The film that helped form the world of police procedurals receives a beautiful restoration from ClassicFlix.
Although He Walked By Night may not be considered a household movie title today, it nevertheless remains a founding pillar to the entertainment industry. For had it not been for this atmospheric 1948 film noir from screenwriter Crane Wilbur (House of Wax), a certain minor actor (and music lover) by the name of Jack Webb would not have struck up a friendship with an LA police detective. And had that not have happened, younger generations, a series known as Dragnet would not have come to pass, which means the gigantic world of police procedurals and forensic dramas may never have
The Warner Archive Collection soars with this rare, three-hour TV cut of Richard Donner's superhero classic.
Of all the variable incarnations of motion pictures that exist within the world, there is perhaps none more elusive than the legendary TV version. This holds particularly true in the instance of films made before television censors officially threw up their arms and said "We give up" after Dennis Franz's flabby backside first appeared on late night television airings. Prior to that, many theatrical outings underwent sometimes drastic re-edits before they could be shown to the still-sensitive primetime audiences of the late '70s and early '80s. One good example is the near-legendary network-added prologue to Sergio Leone's A Fistful of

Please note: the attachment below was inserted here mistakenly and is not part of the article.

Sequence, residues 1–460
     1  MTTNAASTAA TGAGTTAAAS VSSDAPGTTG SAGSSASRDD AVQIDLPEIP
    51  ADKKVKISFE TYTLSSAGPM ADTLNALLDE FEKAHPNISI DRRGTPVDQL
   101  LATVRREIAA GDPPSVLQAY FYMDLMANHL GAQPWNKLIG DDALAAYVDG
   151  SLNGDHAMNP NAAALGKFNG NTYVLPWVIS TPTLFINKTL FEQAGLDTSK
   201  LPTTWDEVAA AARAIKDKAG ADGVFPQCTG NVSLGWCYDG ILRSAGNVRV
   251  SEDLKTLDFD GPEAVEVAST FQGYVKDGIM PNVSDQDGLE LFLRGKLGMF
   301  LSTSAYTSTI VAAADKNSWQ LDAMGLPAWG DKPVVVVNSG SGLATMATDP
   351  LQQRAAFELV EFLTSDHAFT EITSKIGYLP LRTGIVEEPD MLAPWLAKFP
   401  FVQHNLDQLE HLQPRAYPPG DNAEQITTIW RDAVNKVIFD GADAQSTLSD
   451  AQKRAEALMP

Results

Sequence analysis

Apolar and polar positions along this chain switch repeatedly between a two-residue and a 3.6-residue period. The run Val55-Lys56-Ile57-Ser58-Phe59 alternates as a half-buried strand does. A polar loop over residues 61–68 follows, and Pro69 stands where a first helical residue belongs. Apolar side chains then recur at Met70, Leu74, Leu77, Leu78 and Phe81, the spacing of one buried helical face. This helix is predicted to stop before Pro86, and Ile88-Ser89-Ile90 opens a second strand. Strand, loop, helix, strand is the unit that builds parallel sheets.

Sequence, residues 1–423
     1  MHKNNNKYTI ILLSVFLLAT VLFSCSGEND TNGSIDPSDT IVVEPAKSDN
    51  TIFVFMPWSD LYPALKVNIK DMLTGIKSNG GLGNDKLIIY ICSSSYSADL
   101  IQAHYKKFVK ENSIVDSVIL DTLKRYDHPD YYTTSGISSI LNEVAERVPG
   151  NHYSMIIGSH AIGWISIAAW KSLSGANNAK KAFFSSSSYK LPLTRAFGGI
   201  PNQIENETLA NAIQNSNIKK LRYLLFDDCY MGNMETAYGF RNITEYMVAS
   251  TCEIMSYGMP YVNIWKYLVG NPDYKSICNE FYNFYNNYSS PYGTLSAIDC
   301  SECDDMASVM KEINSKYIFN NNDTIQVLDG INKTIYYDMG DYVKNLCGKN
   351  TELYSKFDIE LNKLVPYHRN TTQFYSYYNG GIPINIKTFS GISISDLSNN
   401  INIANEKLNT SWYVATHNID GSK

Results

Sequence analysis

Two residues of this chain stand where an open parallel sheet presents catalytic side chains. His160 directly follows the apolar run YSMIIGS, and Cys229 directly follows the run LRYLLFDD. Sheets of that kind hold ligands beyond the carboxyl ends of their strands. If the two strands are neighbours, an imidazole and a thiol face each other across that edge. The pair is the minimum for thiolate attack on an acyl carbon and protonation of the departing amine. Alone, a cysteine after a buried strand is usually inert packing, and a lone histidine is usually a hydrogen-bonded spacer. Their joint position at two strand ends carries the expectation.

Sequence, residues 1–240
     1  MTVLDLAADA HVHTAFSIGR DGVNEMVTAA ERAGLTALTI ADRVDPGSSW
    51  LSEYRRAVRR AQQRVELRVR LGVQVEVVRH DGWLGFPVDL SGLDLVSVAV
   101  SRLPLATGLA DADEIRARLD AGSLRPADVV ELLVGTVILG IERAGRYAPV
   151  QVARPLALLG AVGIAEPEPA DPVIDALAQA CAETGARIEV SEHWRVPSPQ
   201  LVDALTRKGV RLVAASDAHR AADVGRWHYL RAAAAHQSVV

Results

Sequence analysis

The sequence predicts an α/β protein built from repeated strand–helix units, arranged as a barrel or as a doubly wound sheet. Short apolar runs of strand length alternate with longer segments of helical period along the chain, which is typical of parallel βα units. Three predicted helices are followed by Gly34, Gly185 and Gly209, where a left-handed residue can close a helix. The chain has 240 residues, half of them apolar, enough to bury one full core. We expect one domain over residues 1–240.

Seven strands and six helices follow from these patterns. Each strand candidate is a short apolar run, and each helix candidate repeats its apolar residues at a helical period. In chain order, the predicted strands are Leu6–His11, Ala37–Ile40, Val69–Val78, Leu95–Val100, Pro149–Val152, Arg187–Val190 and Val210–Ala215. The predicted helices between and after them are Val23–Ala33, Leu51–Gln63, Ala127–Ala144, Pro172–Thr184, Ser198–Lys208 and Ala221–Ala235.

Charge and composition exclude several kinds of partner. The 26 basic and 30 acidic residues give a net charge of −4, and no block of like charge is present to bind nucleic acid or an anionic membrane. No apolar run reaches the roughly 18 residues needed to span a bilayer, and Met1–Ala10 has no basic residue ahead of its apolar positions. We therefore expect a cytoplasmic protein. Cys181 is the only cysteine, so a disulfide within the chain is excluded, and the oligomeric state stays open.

Kino Lorber digs up a beautiful print of a less-than-remembered guilty pleasure B-noir from Republic Pictures.
The career of the late Vera Ralston was perhaps more fascinating off-screen than it was on. After escaping her native Czechoslovakia immediately before the Nazis closed the borders off during World War II, the former ice skater later became Republic Pictures head Herbert J. Yates' personal discovery, and he frequently cast her in pictures. Alas, even Ralston's thick Czech accent ‒ coupled with the fact she she didn't speak English terribly well and had to learn her lines phonetically ‒ was not enough to excuse her "unique" acting skills, and it was only a matter of time before her career
From classic psychological thrillers to obscure westerns, these WAC releases are worth betting money on.
In keeping with their tradition of debuting and re-issuing timeless and forgotten classics alike, the Warner Archive Collection has recently brought forth four titles from its vaults. Among this quartet is the classic psychological thriller Undercurrent, and three new-to-DVD rarities: Full Confession, which may very well be the darkest "religious" film I have ever seen; the fascinating western noir Cow Country; and ‒ branching out from the cowboy motif ‒ the long lost '50s family-friendly adventure, The Lion and the Horse. Undercurrent (1946) By and far the most recognized title in the mix, Vincente Minnelli's Undercurrent (also known as You